Created on 2018-11-02 21:33
Published on 2018-11-02 21:51
How do you as a leader promote collaboration at the workplace, particularly one that is still embedded in a ‘command and control’ culture?
“’How to collaborate’ needs to be learnt at the workplace. It is a learned skill. Most people are not born ‘collaborators’. You need to upskill your soft skills.” (Huq).
A client of mine got promoted into a leadership role. That was brilliant news and I congratulated him in his new position! I felt good about the coaching sessions, preparing him for the interview. That moment as a coach is incredibly satisfying!
He said to me, ‘but I have a problem’ and explained that in his new leadership role one of the challenges facing him is promoting ‘collaboration’ at the workplace.
The culture of the organisation was for many years based on a ‘command and control’ leadership style, but now the organisation is trying to change and implement an empowered culture, where employees are encouraged to be empowered, take decisions and have freedom and flexibility with regards to work arrangement and tasks.
My client fitted the role of an empowered leader as his was a people-oriented leadership style (Huq, 2015) and this may have contributed to his promotion. But, despite trying to encourage empowerment at the workplace, he was finding it difficult to get employees to collaborate. It was not an organisation where ‘collaboration at the workplace’ was hugely popular. Several employees were still embedded in the previous ‘command and control’ mode of working and collaboration had never been discussed properly before. They were not open to the idea of collaboration and never reflected on the benefits.
In a phone call to me, my client asked, ‘any chance of a Bootcamp coaching session on how to set the tone for collaboration?’
Collaboration in the workplace does not happen overnight, there are obviously some practical issues and problems, which are not thought through in organisations.
For example, if some leaders are not collaborative and still stuck in the rut of ‘command and control’ style of leadership, employees will not find it easy to collaborate, if the leader does not. People seek role models and look towards their leader to set the tone.
If there are conflicts between leaders and employees in the organisation, it will definitely not be easy and plain sailing for any collaborative work to happen.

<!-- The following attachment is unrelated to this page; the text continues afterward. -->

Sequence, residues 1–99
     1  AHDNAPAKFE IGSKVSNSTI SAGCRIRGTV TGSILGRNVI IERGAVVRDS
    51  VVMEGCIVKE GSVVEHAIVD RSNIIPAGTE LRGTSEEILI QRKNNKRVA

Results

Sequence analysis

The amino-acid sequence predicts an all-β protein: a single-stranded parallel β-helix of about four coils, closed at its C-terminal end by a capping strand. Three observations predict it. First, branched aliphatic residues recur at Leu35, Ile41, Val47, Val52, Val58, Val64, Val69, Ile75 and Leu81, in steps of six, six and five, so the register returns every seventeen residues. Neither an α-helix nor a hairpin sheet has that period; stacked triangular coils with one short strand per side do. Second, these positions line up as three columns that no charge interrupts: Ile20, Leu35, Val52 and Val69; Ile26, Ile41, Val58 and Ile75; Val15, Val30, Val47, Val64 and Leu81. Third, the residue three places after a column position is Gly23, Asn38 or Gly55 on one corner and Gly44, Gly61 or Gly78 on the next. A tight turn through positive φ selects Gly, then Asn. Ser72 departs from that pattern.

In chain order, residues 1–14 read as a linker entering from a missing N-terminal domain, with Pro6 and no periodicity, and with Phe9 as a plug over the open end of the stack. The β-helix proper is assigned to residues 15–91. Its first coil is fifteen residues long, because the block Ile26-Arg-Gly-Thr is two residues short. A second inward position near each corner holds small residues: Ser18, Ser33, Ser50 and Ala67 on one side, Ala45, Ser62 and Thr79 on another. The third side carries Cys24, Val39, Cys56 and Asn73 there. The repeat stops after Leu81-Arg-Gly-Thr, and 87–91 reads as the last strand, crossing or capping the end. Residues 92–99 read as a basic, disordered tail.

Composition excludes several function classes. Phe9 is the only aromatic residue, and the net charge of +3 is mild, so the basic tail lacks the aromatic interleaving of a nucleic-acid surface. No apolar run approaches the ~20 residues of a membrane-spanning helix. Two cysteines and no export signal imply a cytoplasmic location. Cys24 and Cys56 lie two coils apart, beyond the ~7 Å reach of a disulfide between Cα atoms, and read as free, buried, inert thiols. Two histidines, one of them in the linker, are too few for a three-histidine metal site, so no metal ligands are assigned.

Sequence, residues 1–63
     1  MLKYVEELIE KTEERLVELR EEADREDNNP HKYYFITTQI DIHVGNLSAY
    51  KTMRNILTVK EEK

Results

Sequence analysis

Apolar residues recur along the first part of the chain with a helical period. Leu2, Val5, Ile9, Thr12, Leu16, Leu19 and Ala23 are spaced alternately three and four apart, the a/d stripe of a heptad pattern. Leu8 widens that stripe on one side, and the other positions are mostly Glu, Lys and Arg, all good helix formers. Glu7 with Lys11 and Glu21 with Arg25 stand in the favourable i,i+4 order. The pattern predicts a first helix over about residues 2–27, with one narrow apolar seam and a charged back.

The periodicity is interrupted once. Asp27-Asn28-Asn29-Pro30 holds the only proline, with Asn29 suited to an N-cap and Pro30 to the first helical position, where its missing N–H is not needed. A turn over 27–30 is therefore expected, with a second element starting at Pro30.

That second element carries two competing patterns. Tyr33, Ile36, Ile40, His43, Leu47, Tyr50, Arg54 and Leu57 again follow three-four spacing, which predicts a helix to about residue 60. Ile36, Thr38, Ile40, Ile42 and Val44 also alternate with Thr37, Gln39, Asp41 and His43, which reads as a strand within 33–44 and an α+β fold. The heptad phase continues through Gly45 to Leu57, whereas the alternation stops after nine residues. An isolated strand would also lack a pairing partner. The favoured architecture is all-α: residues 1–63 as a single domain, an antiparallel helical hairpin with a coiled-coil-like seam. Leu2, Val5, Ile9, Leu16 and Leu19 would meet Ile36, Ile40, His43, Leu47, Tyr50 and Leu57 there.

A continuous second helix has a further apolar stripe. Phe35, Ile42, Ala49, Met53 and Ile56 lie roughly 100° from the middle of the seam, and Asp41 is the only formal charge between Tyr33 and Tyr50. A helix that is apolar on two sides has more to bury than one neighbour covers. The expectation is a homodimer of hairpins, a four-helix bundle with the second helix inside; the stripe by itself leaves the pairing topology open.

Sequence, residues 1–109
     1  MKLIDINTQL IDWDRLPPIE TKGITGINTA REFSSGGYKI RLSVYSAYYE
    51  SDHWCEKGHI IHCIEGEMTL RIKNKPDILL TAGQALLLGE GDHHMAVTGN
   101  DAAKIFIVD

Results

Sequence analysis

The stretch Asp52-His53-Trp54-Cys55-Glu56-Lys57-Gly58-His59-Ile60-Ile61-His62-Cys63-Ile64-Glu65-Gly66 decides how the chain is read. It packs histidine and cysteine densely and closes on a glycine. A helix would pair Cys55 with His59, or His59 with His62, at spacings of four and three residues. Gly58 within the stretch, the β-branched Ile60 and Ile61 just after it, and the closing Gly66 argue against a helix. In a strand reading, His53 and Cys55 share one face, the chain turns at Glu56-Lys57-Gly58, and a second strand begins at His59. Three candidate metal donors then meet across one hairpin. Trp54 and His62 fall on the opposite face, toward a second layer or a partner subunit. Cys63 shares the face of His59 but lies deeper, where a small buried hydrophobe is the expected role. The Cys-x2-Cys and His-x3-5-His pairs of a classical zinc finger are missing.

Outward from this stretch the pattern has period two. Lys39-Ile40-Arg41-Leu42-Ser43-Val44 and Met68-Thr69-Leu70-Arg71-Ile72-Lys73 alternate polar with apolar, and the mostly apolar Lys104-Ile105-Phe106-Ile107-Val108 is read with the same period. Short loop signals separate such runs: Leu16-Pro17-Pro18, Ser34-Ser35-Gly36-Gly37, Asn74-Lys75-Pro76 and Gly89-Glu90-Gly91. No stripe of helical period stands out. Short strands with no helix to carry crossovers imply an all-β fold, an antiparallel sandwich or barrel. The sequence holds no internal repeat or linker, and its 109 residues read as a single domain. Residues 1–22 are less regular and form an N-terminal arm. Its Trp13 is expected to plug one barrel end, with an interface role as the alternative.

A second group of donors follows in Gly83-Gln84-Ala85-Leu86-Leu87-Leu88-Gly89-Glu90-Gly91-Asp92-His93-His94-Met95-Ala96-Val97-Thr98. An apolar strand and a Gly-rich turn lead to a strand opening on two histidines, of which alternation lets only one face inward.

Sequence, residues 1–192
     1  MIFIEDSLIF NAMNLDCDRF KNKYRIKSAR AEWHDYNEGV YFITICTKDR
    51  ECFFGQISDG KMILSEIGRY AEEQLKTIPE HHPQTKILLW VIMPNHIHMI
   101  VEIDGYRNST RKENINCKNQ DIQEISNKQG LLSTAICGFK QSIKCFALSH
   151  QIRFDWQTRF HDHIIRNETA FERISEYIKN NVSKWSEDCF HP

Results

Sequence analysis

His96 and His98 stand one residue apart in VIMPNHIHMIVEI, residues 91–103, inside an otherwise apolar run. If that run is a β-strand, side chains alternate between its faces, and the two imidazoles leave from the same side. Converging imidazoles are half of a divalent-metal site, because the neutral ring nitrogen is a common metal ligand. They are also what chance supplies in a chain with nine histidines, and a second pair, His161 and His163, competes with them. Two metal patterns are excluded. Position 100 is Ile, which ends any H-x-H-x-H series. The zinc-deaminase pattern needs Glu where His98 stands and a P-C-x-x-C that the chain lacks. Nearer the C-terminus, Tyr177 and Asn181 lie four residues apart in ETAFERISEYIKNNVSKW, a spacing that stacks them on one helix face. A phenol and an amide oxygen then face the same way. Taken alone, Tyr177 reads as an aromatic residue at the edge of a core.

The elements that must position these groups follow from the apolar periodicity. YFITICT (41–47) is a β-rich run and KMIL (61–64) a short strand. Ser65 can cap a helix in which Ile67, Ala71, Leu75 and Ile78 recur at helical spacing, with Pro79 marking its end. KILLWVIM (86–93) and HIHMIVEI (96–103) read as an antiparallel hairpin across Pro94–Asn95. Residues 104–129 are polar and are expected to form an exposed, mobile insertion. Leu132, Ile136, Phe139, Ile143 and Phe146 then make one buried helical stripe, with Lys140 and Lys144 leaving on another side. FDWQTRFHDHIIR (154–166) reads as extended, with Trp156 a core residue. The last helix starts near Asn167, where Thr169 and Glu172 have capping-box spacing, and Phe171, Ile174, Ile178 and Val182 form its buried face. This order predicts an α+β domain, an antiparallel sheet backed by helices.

Most importantly I have found that ‘How to collaborate’ needs to be learnt at the workplace. It is a learned skill. You need to upskill your soft skills. You can’t collaborate with your arms folded. Most people are not born ‘collaborators’.
On the contrary, people tend to be the opposite – hoarding information, not willing to share power or ideas, not trusting others, sometimes not being great team members. Having a negative body language can also go against collaboration. You can’t collaborate with your arms folded!
During my research interviews, I also discovered a simple fact that sometimes people are just fearful, they are not exactly sure what collaboration means and to what extent they need to collaborate and for how long? These important questions are not always thought out or asked. We may have an idea of what collaboration means, but, not everybody knows exactly what it entails.
So, when a leader asks employees to collaborate on a project, they don’t always make it clear what they need their employees to do, how do they need to go about it and what should be the end result? In other words, the leader may not be very collaborative himself/herself.
Very often, when the leader wants a job done where employees need to collaborate, the leader just says, ‘I need you to collaborate’!
A leader needs to set the tone, be a role model and be collaborative in the first place.
A good place for a leader to start is to understand that there should be objectives for collaboration. Objectives are important, it gives employees:
1 A focus
2 An understanding of what they need to achieve
3 A sense of accomplishment and connectedness with colleagues, partners and stakeholders.
The Cambridge English dictionary describes the meaning of ‘collaboration’ as ‘the act of working together with other people or organizations to create or achieve something’.
Hence, collaboration is about working together to achieve common goals, in other words, to collaborate is to ‘work jointly’ (Huq, 2015).
But, a lot of the time instead of working jointly, the project becomes ‘disjointed’.
So, if you as a leader want your employees to collaborate, ask yourself these three questions:
1 Clarify what do you mean by collaboration?
2 Clarify why do you need employees to collaborate?
3 Clarify what needs to be the outcome and the end result of collaboration?
Get your employees to think about these questions too.
I asked my client to answer these three questions and he candidly admitted he never thought of ‘collaboration’ in this way.
If you think the same, join me in a Bootcamp session.
The Bootcamp session helps you to answer these questions and teaches you practical, hands-on tools to apply immediately at the workplace. Upskill your soft skills and create the pillars of collaboration in the workplace.
Thank you for reading, until the next Huq Post ….
Huq, Rozana A. (2015); The Psychology of Employee Empowerment. Concepts, Critical Themes and a Framework for Implementation. Gower Publishing Ltd., UK, England.
Huq, Rozana A. (2017) The Impact of Participative Decision-Making with Regards to Empowering Employees. International Journal of Business Administration and Management Research (ISSN Online: 2412 4346, Vol 3(1).
Keywords: #leader #leadership #empowerment #decisions #collaborate #collaboration #workplace #softskills #Bootcamp
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